Company car and van drivers could soon be able to pay for petrol, diesel and electricity on a single fuelcard at BP service stations.
The fuel giant has said it will start rolling out ultra-fast charge points across its network of almost 1,300 service stations from the beginning of next year.
After buying Chargemaster – the operator of the UK’s largest electric vehicle (EV) charging network and a leading manufacturer of charge points – for £130 million a combined-use card is seen as the next logical step.
It is also looking at integrating EV charging into its BPme app.
David Martell, chief executive of the now BP Chargemaster, said the company was investing £25m over the next 12 months and expected the rollout of ultra-fast chargers, which can charge a car in a matter of minutes, to be completed within three years.
Highlighting how his company was getting crucial “investment momentum”, he also told delegates at the Westminster Energy, Environment and Transport Forum another advantage of linking up with the fuel giant was they would be able to provide combined fuelcards.
He explained: “People who have plug-in hybrids, for instance, can have a card for their company that actually enables them to fill up with petrol as well as recharge their battery.”
It also means the time spent at the filling station – dwell time – is likely to increase. Martell said: “Currently, people may typically take about five minutes in a petrol station; even with ultra-fast charging that is like to increase to 15-20 minutes. That’s an opportunity for retail development.”
As well as manufacturing charge points and installing them, BP Chargemaster runs the UK’s largest public network of charge points, Polar.
It currently operates 6,500 charge points, which equates to 43% of the UK’s 15,000-strong publicly available network.
Martell said it was increasing Polar’s reach by 150 units per month.
It is also continuing to install its UK-built charge points at homes and workplaces, including signing a partnership deal with vehicle leasing company LeasePlan.
The leasing giant is offering new EV customers the option to bundle an e-mobility solution, with the option of a home charger package and access to the Polar network for the lifetime of the lease agreement.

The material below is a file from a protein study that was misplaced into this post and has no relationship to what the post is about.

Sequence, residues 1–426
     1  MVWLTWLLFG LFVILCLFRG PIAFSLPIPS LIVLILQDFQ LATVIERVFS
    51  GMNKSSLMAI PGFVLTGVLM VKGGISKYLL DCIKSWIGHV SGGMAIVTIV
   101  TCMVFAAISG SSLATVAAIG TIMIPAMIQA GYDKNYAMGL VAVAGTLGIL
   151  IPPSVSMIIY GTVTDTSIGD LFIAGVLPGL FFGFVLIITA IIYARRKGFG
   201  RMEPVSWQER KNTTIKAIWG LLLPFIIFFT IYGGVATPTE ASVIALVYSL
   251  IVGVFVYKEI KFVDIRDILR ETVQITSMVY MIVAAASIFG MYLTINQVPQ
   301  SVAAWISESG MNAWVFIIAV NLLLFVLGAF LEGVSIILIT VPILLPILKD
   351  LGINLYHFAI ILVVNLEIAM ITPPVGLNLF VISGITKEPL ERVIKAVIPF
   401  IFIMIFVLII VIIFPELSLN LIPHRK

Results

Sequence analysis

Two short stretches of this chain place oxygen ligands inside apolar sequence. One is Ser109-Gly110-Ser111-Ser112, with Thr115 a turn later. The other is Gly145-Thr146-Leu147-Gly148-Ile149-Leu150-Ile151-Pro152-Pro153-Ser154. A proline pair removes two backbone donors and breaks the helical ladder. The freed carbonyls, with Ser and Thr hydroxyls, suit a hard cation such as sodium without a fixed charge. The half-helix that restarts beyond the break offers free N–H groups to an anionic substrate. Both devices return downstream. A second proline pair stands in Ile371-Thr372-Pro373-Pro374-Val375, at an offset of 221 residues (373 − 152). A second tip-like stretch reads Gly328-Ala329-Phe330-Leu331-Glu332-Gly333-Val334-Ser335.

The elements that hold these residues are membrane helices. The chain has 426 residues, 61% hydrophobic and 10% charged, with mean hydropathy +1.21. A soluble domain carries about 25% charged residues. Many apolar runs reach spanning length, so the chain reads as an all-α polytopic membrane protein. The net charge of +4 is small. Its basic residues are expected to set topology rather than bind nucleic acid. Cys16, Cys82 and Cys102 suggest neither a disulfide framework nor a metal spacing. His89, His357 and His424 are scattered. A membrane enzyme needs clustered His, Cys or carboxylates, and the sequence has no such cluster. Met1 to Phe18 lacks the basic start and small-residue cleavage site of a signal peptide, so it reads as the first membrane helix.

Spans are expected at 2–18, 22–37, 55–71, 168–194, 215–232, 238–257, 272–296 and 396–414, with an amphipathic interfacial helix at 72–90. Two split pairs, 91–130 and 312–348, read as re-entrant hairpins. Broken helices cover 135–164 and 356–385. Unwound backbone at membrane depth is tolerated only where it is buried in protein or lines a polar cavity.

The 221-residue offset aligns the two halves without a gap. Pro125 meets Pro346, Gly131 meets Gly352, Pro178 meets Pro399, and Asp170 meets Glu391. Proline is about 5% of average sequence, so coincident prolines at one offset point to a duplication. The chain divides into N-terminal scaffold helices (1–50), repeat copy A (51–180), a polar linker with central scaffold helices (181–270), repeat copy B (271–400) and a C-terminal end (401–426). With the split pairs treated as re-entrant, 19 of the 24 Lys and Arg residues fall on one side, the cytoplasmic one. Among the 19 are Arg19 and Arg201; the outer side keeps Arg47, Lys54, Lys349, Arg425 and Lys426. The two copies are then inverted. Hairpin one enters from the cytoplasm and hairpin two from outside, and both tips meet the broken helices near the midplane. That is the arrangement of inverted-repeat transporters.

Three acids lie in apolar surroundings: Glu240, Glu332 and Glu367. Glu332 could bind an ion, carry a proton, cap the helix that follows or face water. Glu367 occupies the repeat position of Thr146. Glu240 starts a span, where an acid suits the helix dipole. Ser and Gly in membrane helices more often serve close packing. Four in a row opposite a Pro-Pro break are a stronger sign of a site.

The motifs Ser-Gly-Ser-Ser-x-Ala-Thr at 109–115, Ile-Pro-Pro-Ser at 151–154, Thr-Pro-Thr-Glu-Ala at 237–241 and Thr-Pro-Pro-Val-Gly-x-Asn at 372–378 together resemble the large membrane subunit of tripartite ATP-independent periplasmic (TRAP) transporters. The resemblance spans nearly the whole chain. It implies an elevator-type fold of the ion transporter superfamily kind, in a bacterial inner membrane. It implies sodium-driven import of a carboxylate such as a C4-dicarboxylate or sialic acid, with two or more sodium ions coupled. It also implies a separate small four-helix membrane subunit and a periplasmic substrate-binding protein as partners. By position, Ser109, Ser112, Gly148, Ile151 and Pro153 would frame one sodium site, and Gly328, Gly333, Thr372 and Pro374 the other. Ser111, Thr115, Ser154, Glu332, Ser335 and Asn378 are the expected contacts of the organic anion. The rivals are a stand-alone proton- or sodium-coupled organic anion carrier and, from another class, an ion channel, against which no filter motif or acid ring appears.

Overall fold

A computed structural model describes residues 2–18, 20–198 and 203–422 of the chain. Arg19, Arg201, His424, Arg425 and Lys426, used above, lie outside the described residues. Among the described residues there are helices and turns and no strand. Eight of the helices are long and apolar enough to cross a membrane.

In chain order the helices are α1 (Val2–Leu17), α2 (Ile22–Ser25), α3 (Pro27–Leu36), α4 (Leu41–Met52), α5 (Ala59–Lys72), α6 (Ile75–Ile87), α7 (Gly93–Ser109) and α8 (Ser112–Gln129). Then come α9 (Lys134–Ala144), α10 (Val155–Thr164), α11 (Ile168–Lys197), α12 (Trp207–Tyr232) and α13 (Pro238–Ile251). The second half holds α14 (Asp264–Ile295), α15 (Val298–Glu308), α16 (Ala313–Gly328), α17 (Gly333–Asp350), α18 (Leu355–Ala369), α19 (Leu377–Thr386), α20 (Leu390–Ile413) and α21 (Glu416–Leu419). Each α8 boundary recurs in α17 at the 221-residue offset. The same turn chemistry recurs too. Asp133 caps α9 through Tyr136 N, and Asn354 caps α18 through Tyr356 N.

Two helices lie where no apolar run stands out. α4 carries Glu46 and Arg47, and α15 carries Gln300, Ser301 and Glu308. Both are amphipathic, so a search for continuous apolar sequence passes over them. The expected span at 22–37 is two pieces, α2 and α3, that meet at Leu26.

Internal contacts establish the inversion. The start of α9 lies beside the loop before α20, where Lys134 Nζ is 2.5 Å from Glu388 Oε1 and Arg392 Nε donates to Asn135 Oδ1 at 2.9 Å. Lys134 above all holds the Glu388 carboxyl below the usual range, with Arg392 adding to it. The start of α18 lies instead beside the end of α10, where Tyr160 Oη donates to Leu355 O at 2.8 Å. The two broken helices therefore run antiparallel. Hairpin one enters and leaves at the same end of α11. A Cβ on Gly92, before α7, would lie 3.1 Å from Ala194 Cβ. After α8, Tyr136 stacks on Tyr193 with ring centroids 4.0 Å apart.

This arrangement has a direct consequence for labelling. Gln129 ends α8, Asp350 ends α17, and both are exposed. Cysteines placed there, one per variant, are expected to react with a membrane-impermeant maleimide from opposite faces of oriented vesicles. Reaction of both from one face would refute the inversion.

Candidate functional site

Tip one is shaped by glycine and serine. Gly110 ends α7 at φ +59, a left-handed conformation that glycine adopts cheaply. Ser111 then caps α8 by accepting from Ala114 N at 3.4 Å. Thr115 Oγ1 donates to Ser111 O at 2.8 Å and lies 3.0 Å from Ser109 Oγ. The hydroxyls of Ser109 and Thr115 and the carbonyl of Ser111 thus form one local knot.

Matt Dyer, managing director of LeasePlan UK, said: “We’re seeing an increased demand for low-emission vehicles from customers looking to lower their overall fleet emissions and improve air quality. Our latest partnership with BP Chargemaster is just one of the ways we’re making it easier for them to make the switch to electric.
“Bringing together the vehicle and all forms of charging, means we can offer a comprehensive EV solution to help speed up the transition to electric motoring.”
Businesses wanting to provide charge point facilities for EV drivers at work will also be able to take advantage of site surveys, installation of BP Chargemaster’s charge points and support, as well as system access for billing and reporting, said LeasePlan.
It is a focus on fleet which is shared by EDF Energy, one of country’s biggest electricity producers, meeting around one-fifth of the country’s demand.
Revealing its plans to play what it says will be a significant role in the UK’s transition to low-carbon electric transport, the energy provider says it wants to be the go-to destination for businesses looking to electrify their vehicles.
It will offer fleets vehicle and charging infrastructure consultancy and is partnering with leasing company Arval to offer EVs and guidance on electrifying fleets.
Furthermore, it is partnering with ChargePoint Services and Phoenix Works to supply and install EV charge points, while offering bespoke energy billing solutions and a back office system for managing and operating EV charging infrastructure, including employee EV charging.